On behalf of the Scientific Advisory Board I would like to extend my thanks to the supporters of Cure Autism Now. Research efforts supported by Cure Autism Now extend across the many sub-disciplines of neuroscience, and are converging on autism in ways that we have never previously experienced.
The labors of scientists will result in reaching an understanding of autism in a far more rapid fashion than we thought possible. This will naturally lead to more creative development of interventions for autism. This year, the Scientific Advisory Board (SAB) oversaw the largest growth of grant applications that Cure Autism Now has ever witnessed. Just three short years ago, the SAB reviewed approximately 40 applications that had a focus on defining the characteristic features of autism in children, and pilot studies on interventions that lacked a neurobiological perspective. In September 2004, 125 applications, actually reduced from more than 150 letters of intent, reflected a mix of clinical (75%) and basic (25%) research efforts that are incorporating the most sophisticated genetic, neuroimaging, neurophysiological, behavioral and cell biological tools. Clearly, the competition is more severe now than ever.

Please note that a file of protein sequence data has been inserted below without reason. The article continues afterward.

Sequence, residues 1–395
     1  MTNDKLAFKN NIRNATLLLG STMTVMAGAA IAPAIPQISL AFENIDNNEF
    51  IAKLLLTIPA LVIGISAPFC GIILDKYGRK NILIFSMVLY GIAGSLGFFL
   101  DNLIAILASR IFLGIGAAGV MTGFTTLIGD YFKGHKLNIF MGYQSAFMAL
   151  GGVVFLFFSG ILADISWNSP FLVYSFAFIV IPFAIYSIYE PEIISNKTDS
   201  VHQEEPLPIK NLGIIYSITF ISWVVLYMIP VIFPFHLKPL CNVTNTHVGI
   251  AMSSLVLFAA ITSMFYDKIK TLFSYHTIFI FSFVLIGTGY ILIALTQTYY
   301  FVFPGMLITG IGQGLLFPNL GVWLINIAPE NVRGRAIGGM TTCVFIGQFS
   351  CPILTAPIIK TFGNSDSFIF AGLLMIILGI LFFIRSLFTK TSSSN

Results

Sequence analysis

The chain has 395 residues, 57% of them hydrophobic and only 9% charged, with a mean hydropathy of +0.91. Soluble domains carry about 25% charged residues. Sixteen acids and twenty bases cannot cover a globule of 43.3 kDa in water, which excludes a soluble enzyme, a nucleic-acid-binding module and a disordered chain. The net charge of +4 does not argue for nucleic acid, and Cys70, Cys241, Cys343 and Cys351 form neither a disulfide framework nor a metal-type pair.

There are two areas that deserve special comment regarding this year's applications. First, there is great excitement because of the impact that the collaborative nature of Cure Autism Now has had on stimulating a large increase in pilot applications using AGRE and other national resources to move a step closer to identify the genes responsible for autism susceptibility.
Second, the interface of modern cognitive and cellular neuroscience and intervention and treatment is beginning to motivate scientists who are expert in the basic science of brain function to focus on defining more accurately, from a neuroscience perspective, features of autism in clinical populations that will help translate research findings into interventions in children. For example, there is new excitement about certain brain circuits that use the inhibitory neurotransmitter GABA; these unique brain cells have been implicated in several hypotheses as culprits in disrupted cognitive and social-emotional functions in autism, and will be the focus of several new CAN-funded pilot grants.
The overwhelming response this year to the CAN request for applications highlights the continued attraction of some of the nation's best clinical and basic neuroscientists, psychologists, psychiatrists and neurologists to spend more of their precious research time investigating autism spectrum disorders.
You should all be proud of what you have accomplished.